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On-Ramp Wireless has invented a new way to transmit Wi-Fi signals which does not just use more power to strengthen the signal, but less.

Consumer Technology

45 Mile Wi-Fi Range is Now Possible with Lower Power Consumption

On-Ramp Wireless has invented a new way to transmit Wi-Fi signals which does not just use more power to strengthen the signal, but less.

45-mile Wi-FI transmitter. Courtesy of On-Ramp Wireless.

On-Ramp Wireless has invented a new way to transmit Wi-Fi signals that actually uses less power to strengthen the signal.

Wi-Fi signals become more and more distorted as they travel through the air and, of course, after a while they become too distorted to be useful (after one-twentieth of a mile) due to noise.

This is basically what limits the range to the interior of buildings and this also limits the potential applications of Wi-Fi to those in buildings.

Imagine connecting wirelessly and cheaply to someone 45 miles away without using the internet? And how about while using less energy? You could also eliminate all of the network cables in the largest buildings cheaply and efficiently. The transmitter in the image at the top of this page can reportedly do all of that.

This transmitter achieves that by utilizing an algorithm that transmits it at the same frequency, but in such a way that it is more resistant to noise so it can propagate through the noisy environment over a 45-mile distance.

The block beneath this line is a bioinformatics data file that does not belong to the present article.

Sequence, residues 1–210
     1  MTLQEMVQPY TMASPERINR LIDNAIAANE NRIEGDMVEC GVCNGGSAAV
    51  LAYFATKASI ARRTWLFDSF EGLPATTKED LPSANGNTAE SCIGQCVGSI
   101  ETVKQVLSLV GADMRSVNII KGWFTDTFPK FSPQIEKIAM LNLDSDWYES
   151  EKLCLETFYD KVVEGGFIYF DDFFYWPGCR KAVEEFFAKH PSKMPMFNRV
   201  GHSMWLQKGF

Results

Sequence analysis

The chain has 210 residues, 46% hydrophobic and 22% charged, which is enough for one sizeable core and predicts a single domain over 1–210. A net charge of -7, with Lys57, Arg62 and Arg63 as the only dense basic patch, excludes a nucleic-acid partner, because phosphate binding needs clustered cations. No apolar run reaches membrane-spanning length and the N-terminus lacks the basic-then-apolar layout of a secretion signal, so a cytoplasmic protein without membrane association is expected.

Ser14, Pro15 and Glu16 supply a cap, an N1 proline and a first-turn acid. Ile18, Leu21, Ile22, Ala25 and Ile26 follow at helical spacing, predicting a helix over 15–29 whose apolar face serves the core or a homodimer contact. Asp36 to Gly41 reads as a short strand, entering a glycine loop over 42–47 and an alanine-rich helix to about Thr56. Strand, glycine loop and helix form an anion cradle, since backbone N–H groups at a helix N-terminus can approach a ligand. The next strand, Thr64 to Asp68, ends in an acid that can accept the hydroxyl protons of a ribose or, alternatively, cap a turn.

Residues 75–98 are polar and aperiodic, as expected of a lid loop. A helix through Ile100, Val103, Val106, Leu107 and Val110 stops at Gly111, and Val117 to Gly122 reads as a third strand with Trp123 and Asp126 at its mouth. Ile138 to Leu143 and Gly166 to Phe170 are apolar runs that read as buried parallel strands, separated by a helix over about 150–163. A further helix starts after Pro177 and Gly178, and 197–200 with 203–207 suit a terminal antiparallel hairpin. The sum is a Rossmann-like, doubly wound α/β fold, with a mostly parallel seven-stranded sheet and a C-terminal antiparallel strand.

Another energy related advantage of this is that it would make fewer smart grid access points a possibility due to the fact that traditional access points don’t transmit nearly as far, so more are needed so that more access points are closer to homes and businesses with smart meters.

The smart grid concept involves using computers to enable power plant operators and residents to more effectively match the power production of power plants with power demand to reduce the imbalance of daytime and night time power consumption, and especially to help with the variability/intermittency of solar– and wind-powered generators to increase their market penetration.

I will keep my eyes peeled to see where this technology goes and keep you updated if I can.

Thank you for reading and please comment below if you have more thoughts.

h/t Kompulsa

 
 
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Written By

writes on CleanTechnica, Gas2, Kleef&Co, and Green Building Elements. He has a keen interest in physics-intensive topics such as electricity generation, refrigeration and air conditioning technology, energy storage, and geography. His website is: Kompulsa.com.

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